The Non-Classical Nature of America's Classical Music
Regarding Collier’s other “myths,” other problems arise. There is no need to challenge whether Americans appreciated jazz before Europeans. First of all, who cares? But secondly, this position assumes that African Americans are not included with the American collective. Other than the extremely religious community, most African Americans were great fans of jazz. Even within the church (although this is not largely acknowledged), many of the musicians doubled as jazz/ church musicians, which implies that even in the church, jazz was going on. Much of the repertoire of the early brass bands (particularly in New Orleans) was material influenced by hymns and spirituals. Collier’s notion reveals that by his conception, African Americans or the African American community was not considered a part of the America that Collier cites. There is no need to even qualify Collier’s perception of the racial tension in the United States. His notion is absurd. Collier’s perspective on whether or not musicians who fled to Europe and abroad found what they were seeking is greatly debated by the works of Bill Moody, Tyler Stovall, William A. Shack, Larry Ross and a host of others.
Returning to HR-57, perhaps we might find informative two important yet subtle points within the larger document. When listing six major impacts or contributions of jazz on the large scale, Conyers posits:
“3. [Jazz] is a true music of the people, finding its inspiration in the cultures and most personal experiences of the diverse people that constitute our Nation...”
“6. [Jazz] has become a true international language adopted by musicians around the world as a music best able to express contemporary realities from a personal perspective;”
As we seek to continue to honor the integrity of jazz and perhaps even follow the tenets of HR-57 to preserve, understand and promulgate the past, present and future of jazz, we might ask ourselves what story do we tell? How might we tell it? And how will the story be received?
Tony Bennett is right, “jazz is spontaneous, honest, and natural, and it is a celebration of life.” It perhaps is the greatest contribution created by a myriad of talented individuals who innovated, championed and protected an art form derived, nurtured and developed in the United States. It may well be the greatest contribution the United States has presented, is presenting and will continue to present to the world. But it is not “classical music!” To refer to it as classical music is perhaps one of the misrepresentations, distortions and misconstructions that Max Roach so adamantly refutes.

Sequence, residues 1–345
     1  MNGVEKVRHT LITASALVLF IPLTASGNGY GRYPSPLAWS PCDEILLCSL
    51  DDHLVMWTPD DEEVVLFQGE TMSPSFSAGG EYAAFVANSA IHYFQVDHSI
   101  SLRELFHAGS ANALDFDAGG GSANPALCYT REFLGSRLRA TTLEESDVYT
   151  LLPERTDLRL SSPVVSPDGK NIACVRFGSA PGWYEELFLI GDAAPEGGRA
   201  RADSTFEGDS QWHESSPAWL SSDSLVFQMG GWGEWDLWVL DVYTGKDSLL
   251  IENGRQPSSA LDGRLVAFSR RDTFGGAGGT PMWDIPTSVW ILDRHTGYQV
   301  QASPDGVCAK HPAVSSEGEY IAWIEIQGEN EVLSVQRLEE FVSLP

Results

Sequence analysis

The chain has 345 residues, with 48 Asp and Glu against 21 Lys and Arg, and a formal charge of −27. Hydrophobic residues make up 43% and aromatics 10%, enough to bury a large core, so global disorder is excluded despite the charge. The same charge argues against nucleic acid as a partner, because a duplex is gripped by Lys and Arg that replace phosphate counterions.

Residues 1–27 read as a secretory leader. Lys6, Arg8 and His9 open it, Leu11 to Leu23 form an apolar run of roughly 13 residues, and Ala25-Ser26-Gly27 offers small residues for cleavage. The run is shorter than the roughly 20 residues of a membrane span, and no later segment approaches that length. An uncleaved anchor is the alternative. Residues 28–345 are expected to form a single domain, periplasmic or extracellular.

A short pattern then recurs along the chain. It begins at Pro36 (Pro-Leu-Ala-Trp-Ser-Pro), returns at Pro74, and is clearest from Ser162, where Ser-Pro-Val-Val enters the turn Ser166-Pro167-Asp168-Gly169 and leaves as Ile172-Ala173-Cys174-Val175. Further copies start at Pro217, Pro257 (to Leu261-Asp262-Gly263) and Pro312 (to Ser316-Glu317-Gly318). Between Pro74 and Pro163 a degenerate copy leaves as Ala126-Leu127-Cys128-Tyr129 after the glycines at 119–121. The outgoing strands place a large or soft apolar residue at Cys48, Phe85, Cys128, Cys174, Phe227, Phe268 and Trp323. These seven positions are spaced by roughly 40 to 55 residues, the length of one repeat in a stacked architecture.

In his ever-growing infinite wisdom, Rev. Dr. Martin Luther King, Jr., in a 1964 speech at the opening of Berlin Jazz Festival titled, “Humanity and the Importance of Jazz,” remarked: “For in the particular struggle of the Negro in America there is something akin to the universal struggle of modern man. Everybody has the Blues. Everybody longs for meaning. Everybody needs to love and be loved. Everybody needs to clap hands and be happy. Everybody longs for faith. In music, especially this broad category called Jazz, there is a stepping stone towards all of these.” (http://www.hr57.org/pages/903831/index.htm)
Burns, Ken, Lynn Novick and Geoffrey C. Ward. JAZZ/ a Florentine Films Production, distributed by Warner Home Video, 2000
Collier, James Lincoln. The Reception of Jazz in America: a new view. I.S.A.M. Monographs: Number 27. Brooklyn, NY: Institute for Studies in American Music, 1988
Hasse, John Edward. Jazz: the first century. NY: William Morrow, 2000
Moody, Bill. The Jazz Exiles: American Abroad. Las Vegas: University of Nevada Press, 1993
Roach, Max. “Jazz,” in Freedomways: A Quarterly Review of the Negro Freedom Movement. Vol. 12, No. 2, Spring 1962
Ross, Larry. African-American Jazz Musicians in the Diaspora. Lewiston, Queenston, Lampeter: The Edwin Mellen Press, 2003
Sales, Grover. Jazz: America’s Classical Music. NY: Da Capo Press, 1992. [Reprint of Englewood Cliffs, NJ: Prentice-Hall, 1984]
Shack, William A. Harlem in Montmartre: A Paris Jazz Story between the Great Wars. Berkeley: University of California Press, 2002
Stovall, Tyler. Paris Noir: African Americans in the City of Light. Boston: Houghton Mifflin Company, 2000